Janet Jackson has been reunited with the doctor who delivered her son three years ago.
The pop star was 50 when she welcomed Eissa, her first and only child, with her Qatari businessman ex-husband Wissam Al Mana.
Jackson, now 53, joined Professor Tiong Ghee Teoh at a Great Gatsby-themed gala at London’s Bloomsbury Ballroom in aid of premature birth research at Imperial College London.
The US singer posed for photos with the professor, wearing a black hat, matching fur-lined jacket, dress and pearls.
Speaking before her arrival, the consultant obstetrician and gynaecologist told the PA news agency he had asked Jackson to play but that she had declined.
He quipped: “No, she won’t… she said, ‘Oh, the stage is too small for me’.”
Professor Teoh said of their friendship: “It’s amazing. I was very privileged to look after her during her pregnancy.
“And with her support we have managed to get other people coming, and get sponsors for the whole event. It has been great.
“It started with me looking after her during the pregnancy and then it was after that that we became friends.
“When you are looking after any person you need to keep it strictly professional because you don’t want to cloud your judgment.”
Jackson split with her husband of five years months after the birth of Eissa in January 2017.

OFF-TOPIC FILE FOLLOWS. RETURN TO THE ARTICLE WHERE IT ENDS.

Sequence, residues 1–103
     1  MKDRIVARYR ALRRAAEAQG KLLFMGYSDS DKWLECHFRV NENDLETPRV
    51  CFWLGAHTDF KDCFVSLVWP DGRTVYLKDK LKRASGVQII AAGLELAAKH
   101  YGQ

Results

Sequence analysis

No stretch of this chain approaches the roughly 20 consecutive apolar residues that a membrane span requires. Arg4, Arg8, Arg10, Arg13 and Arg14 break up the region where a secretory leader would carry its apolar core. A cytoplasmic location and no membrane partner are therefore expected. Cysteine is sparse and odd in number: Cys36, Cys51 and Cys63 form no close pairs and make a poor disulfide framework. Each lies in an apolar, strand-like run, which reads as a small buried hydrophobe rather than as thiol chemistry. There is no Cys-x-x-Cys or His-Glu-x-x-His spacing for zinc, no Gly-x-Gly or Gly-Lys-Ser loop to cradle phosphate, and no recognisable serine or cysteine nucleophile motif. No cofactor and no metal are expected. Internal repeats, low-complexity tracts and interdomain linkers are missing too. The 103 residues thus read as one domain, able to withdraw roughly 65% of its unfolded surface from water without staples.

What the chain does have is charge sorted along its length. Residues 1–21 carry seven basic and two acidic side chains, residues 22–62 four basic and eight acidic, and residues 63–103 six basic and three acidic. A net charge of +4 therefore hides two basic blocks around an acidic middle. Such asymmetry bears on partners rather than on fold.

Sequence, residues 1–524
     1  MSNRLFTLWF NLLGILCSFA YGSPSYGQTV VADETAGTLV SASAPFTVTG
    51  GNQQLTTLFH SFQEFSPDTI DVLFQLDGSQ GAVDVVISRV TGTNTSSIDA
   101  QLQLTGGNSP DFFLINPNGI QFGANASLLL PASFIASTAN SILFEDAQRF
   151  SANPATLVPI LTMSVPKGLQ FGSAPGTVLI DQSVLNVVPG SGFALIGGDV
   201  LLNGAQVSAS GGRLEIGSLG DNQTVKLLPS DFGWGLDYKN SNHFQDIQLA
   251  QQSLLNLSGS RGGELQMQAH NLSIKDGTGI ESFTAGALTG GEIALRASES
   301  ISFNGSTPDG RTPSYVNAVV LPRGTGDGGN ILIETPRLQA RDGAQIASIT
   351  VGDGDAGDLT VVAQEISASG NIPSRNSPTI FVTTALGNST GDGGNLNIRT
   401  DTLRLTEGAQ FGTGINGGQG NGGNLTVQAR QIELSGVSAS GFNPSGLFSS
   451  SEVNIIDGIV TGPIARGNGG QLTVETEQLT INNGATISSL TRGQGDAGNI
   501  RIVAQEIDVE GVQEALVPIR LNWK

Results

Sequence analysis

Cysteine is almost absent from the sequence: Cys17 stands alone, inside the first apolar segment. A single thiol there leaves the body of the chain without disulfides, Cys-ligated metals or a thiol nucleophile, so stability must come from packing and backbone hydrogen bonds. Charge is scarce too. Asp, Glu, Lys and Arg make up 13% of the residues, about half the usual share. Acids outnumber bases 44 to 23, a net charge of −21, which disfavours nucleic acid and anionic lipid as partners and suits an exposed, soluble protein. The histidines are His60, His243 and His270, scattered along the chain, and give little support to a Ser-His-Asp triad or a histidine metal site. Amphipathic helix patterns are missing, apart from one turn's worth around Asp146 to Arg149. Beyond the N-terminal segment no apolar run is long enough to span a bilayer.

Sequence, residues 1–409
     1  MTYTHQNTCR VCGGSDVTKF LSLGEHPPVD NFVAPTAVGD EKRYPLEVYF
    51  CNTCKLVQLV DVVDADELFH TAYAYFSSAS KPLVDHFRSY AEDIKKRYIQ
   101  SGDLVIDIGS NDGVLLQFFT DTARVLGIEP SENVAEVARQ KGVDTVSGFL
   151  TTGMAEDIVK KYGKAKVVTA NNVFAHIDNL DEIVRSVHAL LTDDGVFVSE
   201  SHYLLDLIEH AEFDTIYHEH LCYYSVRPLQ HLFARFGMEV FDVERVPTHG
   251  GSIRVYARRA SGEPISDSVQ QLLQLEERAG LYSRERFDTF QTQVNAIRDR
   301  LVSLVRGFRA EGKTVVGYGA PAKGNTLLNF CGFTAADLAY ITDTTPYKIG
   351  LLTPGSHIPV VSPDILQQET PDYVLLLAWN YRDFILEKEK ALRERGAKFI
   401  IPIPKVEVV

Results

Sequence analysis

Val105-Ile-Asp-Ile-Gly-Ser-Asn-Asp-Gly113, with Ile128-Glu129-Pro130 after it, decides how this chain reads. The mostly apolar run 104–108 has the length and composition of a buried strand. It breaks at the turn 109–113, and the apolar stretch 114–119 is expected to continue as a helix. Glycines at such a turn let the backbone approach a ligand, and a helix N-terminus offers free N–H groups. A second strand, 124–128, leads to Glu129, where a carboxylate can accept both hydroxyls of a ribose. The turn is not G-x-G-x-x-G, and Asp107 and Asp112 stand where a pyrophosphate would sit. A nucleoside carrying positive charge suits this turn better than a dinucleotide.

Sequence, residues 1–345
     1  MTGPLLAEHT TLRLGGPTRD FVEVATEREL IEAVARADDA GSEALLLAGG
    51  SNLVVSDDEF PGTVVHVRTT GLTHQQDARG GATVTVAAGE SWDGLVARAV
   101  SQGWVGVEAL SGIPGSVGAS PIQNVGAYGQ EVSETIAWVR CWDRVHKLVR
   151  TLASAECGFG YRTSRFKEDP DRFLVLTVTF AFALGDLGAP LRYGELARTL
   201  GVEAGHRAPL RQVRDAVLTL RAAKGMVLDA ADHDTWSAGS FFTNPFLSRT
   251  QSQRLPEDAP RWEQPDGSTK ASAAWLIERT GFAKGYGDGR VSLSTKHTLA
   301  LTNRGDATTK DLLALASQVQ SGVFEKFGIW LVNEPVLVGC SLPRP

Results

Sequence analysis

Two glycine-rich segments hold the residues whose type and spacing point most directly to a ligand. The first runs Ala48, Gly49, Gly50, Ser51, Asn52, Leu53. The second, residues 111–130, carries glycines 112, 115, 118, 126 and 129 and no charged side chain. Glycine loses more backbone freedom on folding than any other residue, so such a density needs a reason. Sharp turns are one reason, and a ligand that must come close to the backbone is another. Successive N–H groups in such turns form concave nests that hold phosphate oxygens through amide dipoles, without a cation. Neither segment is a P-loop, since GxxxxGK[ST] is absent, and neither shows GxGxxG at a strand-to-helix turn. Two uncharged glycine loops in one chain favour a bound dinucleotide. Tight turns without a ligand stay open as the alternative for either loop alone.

The gala was raising money towards funding a professional academic chair at Imperial College London, where Professor Teoh and his colleague Professor Phillip Bennett practise.
Among the night’s performers were Louise Redknapp and former doctor-turned-author Adam Kay, who studied as a medical student under Professor Teoh in 1997.
He said: “Adam Kay used to be my medical student. It is a very small world.
“We went to see his performance in January but seeing him this time will be great. He is helping a medical research charity, which is fantastic.”
Former Eternal singer Redknapp has just released Heavy Love, her first record in 18 years.
She told PA: “My children were born a little bit early but by choice. But obviously I am a mum.
“My kids go to a school where I mix with lots of different women of any age.
“Anything to support anything to do with children and women through birth, and the complications that come through premature birth – which is so hard.
“It’s the one charity that is so nice for me to be able (to) be here and talk about and support.”
Donations to Prematurity Research can be made online.